It is important to understand ISA stocks and shares. Ever since their inception, everyone over the age of 16 has an ‘ISA allowance’ which encapsulates the optimum that I can save within one full financial year. The limit currently in place is £10,200 of which I have the options of placing the entire amount in liquid cash, the equivalent of the same amount in shares or I can place both cash and shares in one basket. On withdrawal, there is no need for me to place my investments in ISA for a long period of time in order to reap the tax-free benefits. The upset of this is that once money is withdrawn I cannot in any way whatsoever return it.
Luckily ISA gives us the options of placing our investments in different modes. We have the choice of placing our entire £10,200 in either cash or shares. Alternatively, we can opt to place both cash and shares, which are more advantageous, seeing that if it were shares alone we would not have any tax-free cash savings; and if it were money alone we would not be obliged to do so. In case I bought shares worth my limit thereafter I decided to sell the same, ISA allows me to do so. However, I cannot buy any more shares in that financial year. Similarly if I invested less than my limit at the start of the tax year I would have the difference either in cash or in shares or a mix of the two.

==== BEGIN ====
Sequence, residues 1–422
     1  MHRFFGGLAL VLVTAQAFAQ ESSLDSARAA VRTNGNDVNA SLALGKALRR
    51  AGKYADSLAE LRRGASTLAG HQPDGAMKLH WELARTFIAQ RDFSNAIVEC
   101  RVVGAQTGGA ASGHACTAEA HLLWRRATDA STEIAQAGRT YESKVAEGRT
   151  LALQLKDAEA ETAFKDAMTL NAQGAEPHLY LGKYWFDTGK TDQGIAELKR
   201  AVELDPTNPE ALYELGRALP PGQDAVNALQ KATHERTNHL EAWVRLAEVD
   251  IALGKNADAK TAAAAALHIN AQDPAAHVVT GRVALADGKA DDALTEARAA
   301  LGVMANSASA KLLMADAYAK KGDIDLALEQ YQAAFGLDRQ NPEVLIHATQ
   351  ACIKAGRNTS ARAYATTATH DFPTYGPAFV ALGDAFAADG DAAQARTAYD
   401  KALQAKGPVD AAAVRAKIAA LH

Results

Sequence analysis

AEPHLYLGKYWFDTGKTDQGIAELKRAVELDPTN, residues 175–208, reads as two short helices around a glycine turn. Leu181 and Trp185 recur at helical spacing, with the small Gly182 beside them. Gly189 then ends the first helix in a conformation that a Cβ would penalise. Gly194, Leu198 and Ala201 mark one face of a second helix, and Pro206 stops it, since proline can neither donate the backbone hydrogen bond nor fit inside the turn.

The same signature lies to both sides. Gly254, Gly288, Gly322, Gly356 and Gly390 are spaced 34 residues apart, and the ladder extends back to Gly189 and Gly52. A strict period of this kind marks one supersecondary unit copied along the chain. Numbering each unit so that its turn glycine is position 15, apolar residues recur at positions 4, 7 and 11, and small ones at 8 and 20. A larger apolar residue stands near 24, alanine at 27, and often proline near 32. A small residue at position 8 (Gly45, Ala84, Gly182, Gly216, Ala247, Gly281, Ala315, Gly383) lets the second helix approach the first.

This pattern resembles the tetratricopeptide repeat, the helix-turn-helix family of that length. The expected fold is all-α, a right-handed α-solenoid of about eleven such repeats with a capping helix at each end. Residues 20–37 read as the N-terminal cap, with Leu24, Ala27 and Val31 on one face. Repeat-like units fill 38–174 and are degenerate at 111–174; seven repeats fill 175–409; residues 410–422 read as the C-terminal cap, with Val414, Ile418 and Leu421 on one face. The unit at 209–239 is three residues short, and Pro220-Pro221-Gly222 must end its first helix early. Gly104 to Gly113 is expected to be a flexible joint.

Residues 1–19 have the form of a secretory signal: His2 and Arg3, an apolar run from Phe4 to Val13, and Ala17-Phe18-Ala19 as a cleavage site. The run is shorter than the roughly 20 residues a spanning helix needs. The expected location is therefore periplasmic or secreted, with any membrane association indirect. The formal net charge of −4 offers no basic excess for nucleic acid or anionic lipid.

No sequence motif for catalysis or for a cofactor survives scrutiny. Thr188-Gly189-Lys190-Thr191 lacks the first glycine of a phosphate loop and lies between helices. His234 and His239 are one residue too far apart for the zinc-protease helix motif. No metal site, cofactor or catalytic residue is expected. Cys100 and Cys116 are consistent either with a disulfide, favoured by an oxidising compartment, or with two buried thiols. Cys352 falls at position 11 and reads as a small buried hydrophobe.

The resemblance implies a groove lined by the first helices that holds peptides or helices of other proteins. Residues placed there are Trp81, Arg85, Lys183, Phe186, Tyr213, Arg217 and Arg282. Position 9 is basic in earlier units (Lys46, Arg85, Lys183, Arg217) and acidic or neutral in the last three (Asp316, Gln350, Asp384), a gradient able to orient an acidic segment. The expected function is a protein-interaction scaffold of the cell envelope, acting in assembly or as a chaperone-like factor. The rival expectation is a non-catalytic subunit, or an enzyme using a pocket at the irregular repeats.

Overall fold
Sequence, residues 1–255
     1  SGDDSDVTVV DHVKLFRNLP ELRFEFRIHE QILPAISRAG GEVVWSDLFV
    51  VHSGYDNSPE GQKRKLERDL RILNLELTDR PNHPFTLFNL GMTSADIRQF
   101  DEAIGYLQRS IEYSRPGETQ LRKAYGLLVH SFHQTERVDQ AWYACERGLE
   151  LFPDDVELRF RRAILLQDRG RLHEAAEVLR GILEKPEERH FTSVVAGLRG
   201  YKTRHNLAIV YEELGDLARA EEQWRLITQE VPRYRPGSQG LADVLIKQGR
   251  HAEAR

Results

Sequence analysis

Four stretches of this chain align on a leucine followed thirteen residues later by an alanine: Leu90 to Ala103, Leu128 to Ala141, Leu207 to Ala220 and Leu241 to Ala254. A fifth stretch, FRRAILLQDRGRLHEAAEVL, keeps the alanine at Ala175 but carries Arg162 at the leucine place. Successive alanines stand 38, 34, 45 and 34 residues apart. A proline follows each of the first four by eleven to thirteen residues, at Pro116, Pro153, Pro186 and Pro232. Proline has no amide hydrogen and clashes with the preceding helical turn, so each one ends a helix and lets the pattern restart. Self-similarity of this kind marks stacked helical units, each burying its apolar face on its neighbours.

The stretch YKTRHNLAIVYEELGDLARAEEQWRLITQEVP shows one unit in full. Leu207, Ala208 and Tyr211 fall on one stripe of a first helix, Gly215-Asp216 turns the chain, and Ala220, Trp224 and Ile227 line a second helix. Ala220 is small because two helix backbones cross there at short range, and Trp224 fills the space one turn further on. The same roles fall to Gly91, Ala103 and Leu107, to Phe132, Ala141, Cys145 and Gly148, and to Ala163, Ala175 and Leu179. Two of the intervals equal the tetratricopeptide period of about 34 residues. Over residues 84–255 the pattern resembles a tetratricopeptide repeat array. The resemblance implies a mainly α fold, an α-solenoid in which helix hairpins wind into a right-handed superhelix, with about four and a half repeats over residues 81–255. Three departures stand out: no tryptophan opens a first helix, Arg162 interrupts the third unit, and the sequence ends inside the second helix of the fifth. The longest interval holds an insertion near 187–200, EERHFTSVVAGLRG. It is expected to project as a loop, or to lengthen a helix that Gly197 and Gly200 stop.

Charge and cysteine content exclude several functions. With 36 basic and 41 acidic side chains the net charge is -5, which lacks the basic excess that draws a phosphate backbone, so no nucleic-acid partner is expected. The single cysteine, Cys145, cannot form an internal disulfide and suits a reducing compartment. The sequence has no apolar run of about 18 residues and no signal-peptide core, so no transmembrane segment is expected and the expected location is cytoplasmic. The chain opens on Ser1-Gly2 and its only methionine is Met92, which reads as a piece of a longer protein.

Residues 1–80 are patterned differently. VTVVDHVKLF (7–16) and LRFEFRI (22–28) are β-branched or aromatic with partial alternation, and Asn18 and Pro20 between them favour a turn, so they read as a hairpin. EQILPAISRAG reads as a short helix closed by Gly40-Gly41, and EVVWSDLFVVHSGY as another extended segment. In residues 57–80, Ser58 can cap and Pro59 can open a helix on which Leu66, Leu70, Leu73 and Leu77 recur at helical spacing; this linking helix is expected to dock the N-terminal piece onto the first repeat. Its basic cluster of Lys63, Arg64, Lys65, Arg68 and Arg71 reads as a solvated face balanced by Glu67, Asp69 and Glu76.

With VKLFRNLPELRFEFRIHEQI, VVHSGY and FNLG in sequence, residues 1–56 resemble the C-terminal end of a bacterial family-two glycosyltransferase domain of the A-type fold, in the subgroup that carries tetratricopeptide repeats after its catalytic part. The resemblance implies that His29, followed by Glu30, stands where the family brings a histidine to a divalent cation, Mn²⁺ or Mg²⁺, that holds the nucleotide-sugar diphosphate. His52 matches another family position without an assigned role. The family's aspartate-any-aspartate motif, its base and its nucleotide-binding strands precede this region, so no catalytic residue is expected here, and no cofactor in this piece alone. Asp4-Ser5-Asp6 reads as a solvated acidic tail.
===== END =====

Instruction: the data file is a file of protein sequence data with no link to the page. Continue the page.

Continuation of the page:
Finally, any unused allowance is not carried forward. If I have not used it by the end of the tax year I will lose it. In short all my savings should be directed towards ISA for them to earn interest.